The first case of West Nile virus (WNV) was identified in the Netherlands in a bird in September and in a human medio Oktober. Since then, Wageningen Bioveterinary Research (WBVR) and partners have been closely monitoring the situation to be fully prepared for a possible outbreak.
The West Nile virus was found in a common whitethroat in the province of Utrecht. Experience from other countries teaches us that birds form a source for the virus, which is then transferred further by mosquitos who feed on infected birds.
Direct infection between animals without mosquitos is extremely rare. The virus can also be transmitted to mammals such as horses and humans through mosquitos. The infected Dutch man may have contracted the virus in the Utrecht region through a mosquito bite, the National Institute for Public Health and the Environment (RIVM) reported on 15 October.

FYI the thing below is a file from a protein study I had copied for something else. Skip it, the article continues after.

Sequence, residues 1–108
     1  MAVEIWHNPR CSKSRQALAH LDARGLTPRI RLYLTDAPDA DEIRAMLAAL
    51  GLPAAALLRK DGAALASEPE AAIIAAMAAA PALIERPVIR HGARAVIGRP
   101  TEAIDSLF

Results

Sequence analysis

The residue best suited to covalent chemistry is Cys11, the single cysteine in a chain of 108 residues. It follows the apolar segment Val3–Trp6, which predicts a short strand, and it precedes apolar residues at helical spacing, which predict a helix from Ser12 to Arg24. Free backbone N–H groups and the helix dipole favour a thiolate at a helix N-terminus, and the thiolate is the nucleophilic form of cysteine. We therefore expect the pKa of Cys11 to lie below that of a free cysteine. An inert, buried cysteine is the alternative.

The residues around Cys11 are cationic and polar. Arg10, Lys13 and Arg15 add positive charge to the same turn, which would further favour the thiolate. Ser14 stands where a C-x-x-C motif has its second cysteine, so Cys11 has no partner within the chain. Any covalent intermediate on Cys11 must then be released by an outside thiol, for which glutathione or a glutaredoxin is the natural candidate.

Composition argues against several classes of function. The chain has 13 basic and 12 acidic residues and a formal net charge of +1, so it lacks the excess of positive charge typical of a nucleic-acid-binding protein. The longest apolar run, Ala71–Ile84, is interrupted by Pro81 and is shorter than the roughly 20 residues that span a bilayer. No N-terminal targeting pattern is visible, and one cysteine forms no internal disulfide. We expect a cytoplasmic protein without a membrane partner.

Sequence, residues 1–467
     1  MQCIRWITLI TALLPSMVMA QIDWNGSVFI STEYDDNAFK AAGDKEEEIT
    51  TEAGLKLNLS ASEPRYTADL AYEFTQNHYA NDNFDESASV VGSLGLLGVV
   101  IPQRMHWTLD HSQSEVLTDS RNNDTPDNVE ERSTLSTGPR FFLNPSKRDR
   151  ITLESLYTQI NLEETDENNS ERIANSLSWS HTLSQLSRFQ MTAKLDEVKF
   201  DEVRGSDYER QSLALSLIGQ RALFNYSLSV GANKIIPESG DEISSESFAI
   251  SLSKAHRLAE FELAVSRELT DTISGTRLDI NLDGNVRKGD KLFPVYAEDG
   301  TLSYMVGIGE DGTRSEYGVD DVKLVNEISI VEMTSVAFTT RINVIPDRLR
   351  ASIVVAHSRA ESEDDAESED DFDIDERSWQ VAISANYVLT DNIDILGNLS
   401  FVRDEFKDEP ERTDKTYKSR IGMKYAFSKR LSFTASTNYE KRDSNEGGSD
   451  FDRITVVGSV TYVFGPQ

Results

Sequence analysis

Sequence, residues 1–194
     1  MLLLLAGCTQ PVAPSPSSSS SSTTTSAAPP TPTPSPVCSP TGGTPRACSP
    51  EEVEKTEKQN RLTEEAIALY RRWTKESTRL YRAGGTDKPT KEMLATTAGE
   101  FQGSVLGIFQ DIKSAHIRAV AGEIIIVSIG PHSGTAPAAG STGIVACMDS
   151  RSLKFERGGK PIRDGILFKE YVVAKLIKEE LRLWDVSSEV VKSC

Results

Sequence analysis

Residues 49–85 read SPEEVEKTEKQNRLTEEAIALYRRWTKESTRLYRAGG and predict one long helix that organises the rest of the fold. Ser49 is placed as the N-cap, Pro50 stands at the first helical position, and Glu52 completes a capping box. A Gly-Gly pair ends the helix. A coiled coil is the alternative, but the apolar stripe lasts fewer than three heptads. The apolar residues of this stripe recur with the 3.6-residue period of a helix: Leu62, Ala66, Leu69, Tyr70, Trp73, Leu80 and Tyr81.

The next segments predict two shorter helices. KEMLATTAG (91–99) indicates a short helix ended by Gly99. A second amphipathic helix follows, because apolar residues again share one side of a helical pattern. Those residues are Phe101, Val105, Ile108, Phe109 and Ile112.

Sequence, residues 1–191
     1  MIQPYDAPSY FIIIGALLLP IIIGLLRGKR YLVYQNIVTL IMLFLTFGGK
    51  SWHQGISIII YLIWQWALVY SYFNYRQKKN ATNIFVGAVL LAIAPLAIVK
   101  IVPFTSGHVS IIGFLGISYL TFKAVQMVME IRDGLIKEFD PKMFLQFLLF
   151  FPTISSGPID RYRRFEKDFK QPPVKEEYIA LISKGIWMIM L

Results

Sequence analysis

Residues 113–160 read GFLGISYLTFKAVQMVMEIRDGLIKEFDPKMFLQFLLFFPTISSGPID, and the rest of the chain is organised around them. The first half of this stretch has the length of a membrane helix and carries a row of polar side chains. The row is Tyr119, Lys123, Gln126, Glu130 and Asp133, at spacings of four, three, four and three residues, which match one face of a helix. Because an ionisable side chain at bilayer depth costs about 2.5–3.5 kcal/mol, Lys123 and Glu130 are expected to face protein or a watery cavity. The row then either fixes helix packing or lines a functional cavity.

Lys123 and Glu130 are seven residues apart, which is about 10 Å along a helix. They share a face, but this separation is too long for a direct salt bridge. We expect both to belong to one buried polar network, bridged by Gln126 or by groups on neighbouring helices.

Approximately 10 to 20 per cent of these infections lead to illness in humans and horses. Only a very small percentage (1 per cent) becomes serious and may be fatal.
Vaccine for horses available on a voluntary basis
Infection with the West Nile virus in the USA in 2004 resulted in over 15,000 equine deaths. A vaccine is available for horses since 2004, which has suppressed the disease in horses to a large degree. Participation in voluntary inoculation differs greatly and is often only done when the virus shows clinical symptoms. A vaccine for humans has not yet been approved but is in the final stages of development.
Diagnostics West Nile virus for horses
WBVR offers two ELISAs to identify infections, where we can distinguish between active infection and infections that occurred at an earlier time. Besides, we can provide a serum neutralisation test to even more specifically identify the antibodies for the West Nile virus. This serological diagnostic is not able to distinguish between infected and vaccinated horses. WVBR also has a PCR-test that can identify the West Nile virus.